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Charles-Valentin ALKAN (1813-1888)
Cello Sonata in E major Op 47 [33'44]
Frédéric CHOPIN (1810-1849)
Cello Sonata in G minor Op 65 [29'10]
Alban Gerhardt (cello); Steven Osborne (piano)
rec. Henry Wood Hall, London, 17-19 December 2007
CDA67624 [62:56]


Experience Classicsonline

Coupling Chopin's and Alkan's Cello Sonatas is an inspired decision, serving to enhance one's appreciation of these masterly works. Both were written for the great French cellist Auguste-Joseph Franchomme who gave their premieres in 1848 and 1857 respectively. The composer was at the piano in each case. Chopin's work comes from his last years when he was refining and concentrating his musical style. The Alkan Sonata achieved great success during his lifetime, but after his death tragically disappeared into oblivion for much of the twentieth century.

The Chopin Sonata is much better known, but the Alkan is, if anything, more approachable and immediately attractive. It is a substantial four-movement work lasting over half an hour in performance, yet despite these dimensions never does one feel it outstays its welcome. One of the glories of Alkan's music is its unique mixture of classical order and extreme virtuoso display. The performers clearly relish the moments of virtuosity - witness the coruscating Saltarella finale - but for me the most memorable moments are found in the lyrical Adagio third movement. Both players allow the music to speak in a natural and unforced way, without any feeling that they are attempting to make a special case for such a little-known work. The balance between the instruments is excellently judged even in the most devilish passages. AlkanŐs musical language may take time to appreciate fully but in a recording such as this his artistic worth is triumphantly vindicated.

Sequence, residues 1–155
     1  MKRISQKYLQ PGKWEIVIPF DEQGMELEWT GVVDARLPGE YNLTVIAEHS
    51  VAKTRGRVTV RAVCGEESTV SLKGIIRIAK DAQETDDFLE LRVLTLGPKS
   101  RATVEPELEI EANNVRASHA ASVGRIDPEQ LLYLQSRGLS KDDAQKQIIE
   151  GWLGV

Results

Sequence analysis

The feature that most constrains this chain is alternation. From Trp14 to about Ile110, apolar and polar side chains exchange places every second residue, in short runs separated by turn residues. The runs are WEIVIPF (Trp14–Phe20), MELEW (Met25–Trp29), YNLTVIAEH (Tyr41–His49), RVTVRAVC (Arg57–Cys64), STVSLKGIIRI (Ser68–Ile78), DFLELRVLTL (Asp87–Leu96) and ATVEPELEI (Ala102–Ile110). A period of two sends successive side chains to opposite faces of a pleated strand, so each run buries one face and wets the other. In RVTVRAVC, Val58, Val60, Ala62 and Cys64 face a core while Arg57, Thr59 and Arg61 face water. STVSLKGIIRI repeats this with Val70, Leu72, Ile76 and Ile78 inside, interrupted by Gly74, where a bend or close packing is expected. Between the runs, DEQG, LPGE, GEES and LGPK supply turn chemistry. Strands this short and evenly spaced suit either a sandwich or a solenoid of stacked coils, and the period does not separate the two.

With the Chopin one has a much greater list of comparisons - a particular favourite of mine is Du Pré's recording with Barenboim, her last studio recording. However, the Gerhardt/Osborne partnership lives up to the standards set in the Alkan. Again I was struck by the unforced lyricism of the playing, allowing the music to unfold in a natural manner. Osborne handles the delicate filigree of the piano writing with aplomb, making one wish he would record a solo Chopin disc.  This is a performance to stand alongside the best available. 

As usual the Keener/Eadon team comes up trumps in a wonderfully clean and transparent recording. The programme notes by Kenneth Hamilton are scholarly and highly readable. 

Robert Costin


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